Relationships

Mandy Kloppers

Can You Have A Relationship With Somebody Of A Different Religion?

You don’t choose the person you fall in love with. Often this presents no challenges as you are in very similar places and are aligned in many of your beliefs and values. That isn’t the case for everybody, however. Some people find a lot of barriers put in place to keep them from being with the one they truly love. 

 

Other times, there are just too many divisions for a peaceful relationship even though the couple is very much in love. Religion can be one of those divisions that many couples have a hard time overcoming.  

 

Is it possible for a couple to have two very different ideas on religion and spirituality and still find themselves in a relationship? In this article, we will explore how a couple of divergent religious views can make a relationship work.  

 

Make your own rules 

 

In just about every relationship there is a sense of “this is how we do things” that is unique to each couple. It may be implicit or even decided upon in a more explicit way. But, there are certain things that are not allowed to come between the partners. This is what gives a relationship strength.  

 

This should even go for religious views if the couple is of two different faiths or one having no faith at all. In many religions there are certain rules that you have to play by, but these rules have to take a backseat when it comes to your relationship. 

 

If one is a strict Mormon who is devout and often reads Evidence Central, and the other is a Catholic, then they have to meet in the middle of what their religion says about people of other faiths.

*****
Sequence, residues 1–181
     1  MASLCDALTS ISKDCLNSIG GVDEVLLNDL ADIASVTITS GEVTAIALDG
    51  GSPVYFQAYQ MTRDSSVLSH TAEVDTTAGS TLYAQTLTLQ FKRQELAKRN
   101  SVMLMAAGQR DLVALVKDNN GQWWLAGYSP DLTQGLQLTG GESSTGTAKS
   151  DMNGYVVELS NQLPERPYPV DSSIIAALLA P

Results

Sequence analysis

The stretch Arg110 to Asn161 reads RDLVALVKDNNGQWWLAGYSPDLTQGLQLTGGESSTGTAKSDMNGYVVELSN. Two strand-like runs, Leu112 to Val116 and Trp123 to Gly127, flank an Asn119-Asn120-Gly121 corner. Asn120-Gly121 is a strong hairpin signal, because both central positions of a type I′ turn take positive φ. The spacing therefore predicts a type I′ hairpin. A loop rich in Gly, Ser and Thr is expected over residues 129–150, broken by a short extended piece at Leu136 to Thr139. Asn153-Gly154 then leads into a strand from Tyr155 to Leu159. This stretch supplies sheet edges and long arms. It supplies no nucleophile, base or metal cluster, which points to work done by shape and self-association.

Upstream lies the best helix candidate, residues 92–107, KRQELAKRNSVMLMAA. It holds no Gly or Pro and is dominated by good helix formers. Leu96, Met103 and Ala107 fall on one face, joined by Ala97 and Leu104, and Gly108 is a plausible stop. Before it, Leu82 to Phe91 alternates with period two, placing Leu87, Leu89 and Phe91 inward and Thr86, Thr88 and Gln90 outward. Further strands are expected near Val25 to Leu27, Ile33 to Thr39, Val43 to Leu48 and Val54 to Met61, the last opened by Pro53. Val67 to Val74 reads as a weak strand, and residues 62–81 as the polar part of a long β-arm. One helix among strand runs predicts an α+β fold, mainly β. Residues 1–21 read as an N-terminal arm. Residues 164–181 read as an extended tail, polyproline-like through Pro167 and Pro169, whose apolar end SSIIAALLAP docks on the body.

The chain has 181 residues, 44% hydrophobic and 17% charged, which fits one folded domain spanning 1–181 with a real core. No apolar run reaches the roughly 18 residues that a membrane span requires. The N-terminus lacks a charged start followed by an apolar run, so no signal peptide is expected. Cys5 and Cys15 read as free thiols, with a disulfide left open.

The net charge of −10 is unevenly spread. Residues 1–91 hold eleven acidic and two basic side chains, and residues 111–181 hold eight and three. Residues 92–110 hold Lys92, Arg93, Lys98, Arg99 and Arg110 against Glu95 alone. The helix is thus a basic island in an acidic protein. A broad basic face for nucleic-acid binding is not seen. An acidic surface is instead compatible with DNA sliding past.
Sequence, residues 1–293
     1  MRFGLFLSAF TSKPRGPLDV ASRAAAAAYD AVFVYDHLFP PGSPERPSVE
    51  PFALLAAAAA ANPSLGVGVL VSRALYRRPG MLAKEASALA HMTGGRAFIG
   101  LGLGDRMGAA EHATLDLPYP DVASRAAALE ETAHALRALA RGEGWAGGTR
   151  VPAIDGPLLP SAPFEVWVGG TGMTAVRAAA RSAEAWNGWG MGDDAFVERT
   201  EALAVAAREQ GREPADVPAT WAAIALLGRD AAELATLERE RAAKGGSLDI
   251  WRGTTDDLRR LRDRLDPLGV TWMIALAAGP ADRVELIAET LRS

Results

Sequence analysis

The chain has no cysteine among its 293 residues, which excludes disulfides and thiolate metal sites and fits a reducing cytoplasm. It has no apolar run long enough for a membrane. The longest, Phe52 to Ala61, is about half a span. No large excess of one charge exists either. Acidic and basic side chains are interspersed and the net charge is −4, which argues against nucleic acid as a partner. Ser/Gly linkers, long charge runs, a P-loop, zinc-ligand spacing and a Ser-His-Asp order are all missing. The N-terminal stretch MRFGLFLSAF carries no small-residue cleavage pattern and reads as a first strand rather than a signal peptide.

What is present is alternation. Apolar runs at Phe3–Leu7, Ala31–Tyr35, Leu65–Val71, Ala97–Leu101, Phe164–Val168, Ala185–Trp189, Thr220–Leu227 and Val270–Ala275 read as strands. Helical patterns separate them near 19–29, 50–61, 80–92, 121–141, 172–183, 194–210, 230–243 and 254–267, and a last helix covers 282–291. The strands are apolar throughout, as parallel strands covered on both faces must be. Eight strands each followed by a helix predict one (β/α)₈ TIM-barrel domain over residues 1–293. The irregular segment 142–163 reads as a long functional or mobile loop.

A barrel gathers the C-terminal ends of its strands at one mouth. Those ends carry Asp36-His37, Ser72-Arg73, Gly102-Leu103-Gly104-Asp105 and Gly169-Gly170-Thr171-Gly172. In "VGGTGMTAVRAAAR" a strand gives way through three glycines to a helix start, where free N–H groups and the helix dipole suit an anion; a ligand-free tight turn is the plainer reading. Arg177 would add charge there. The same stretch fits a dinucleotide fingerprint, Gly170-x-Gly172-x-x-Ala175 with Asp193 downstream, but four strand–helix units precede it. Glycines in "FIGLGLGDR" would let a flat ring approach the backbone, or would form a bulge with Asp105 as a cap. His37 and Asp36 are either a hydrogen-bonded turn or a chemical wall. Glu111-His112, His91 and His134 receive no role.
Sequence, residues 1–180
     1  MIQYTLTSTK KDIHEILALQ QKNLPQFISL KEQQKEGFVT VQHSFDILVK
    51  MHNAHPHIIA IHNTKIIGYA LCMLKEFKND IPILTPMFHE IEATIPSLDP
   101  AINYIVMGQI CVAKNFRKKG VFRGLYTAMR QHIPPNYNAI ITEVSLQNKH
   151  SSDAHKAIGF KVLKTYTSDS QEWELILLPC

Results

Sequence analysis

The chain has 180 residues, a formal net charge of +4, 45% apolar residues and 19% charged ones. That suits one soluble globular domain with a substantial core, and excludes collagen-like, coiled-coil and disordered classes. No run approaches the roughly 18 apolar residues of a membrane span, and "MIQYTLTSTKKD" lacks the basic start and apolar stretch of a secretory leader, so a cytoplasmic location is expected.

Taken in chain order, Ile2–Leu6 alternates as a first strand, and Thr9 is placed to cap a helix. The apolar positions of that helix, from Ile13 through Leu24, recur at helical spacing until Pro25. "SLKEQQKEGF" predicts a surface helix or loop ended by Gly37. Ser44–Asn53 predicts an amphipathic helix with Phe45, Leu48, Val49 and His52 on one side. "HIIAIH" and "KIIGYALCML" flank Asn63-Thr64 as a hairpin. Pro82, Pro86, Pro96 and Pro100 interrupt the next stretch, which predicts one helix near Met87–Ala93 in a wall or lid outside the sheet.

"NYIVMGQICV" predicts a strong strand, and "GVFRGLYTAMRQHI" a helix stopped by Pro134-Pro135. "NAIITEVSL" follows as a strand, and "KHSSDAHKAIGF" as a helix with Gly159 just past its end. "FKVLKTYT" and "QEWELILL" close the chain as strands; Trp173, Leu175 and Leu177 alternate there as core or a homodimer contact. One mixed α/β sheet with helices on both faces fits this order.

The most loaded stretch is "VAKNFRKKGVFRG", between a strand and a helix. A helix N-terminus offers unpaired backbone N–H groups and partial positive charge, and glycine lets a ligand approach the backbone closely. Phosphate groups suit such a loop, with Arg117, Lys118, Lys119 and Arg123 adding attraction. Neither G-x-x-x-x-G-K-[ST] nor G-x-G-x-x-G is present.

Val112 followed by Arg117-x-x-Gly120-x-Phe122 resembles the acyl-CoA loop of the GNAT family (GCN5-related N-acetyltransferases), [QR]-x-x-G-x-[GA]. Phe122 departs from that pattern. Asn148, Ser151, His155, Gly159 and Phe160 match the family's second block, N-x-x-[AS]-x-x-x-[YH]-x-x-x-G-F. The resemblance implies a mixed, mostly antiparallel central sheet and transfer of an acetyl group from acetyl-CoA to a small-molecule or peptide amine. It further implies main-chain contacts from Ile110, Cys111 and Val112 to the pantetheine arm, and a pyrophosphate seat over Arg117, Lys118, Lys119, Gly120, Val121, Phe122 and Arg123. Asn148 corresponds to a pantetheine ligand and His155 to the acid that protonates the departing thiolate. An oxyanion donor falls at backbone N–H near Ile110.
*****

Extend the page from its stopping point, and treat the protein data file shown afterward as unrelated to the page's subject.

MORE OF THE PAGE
Make a rule that each is able to worship in their own way without any interference or judgement from the other partner. This can keep a lot of disagreements from popping up.  

 

Celebrate each other 

 

Your religious differences could be the thing that actually gives you strength as a couple and should be celebrated. Make sure to give time to the other partner’s religious rites, rituals and festivals and enjoy them without feeling like you are betraying your own religious creed.  

 

If you are Jewish, you can still do some of the Christmas festivities that don’t interfere with your religious devotion if it means a lot to your partner to do so. And they can take part in your holidays and enjoy the occasions to be festive with your family, and you theirs. 

 

Stop pointing out the differences 

 

There are going to be instances in the other person’s religion that make no sense to you at all. This is especially the case if one is atheist or at least not practicing. The key here is to let go of any inconsistencies in their dogma and just accept their religion for what it is. If there are major differences in your faiths, then just accept them as such and move on.  

 

 

 

 

 

 

 

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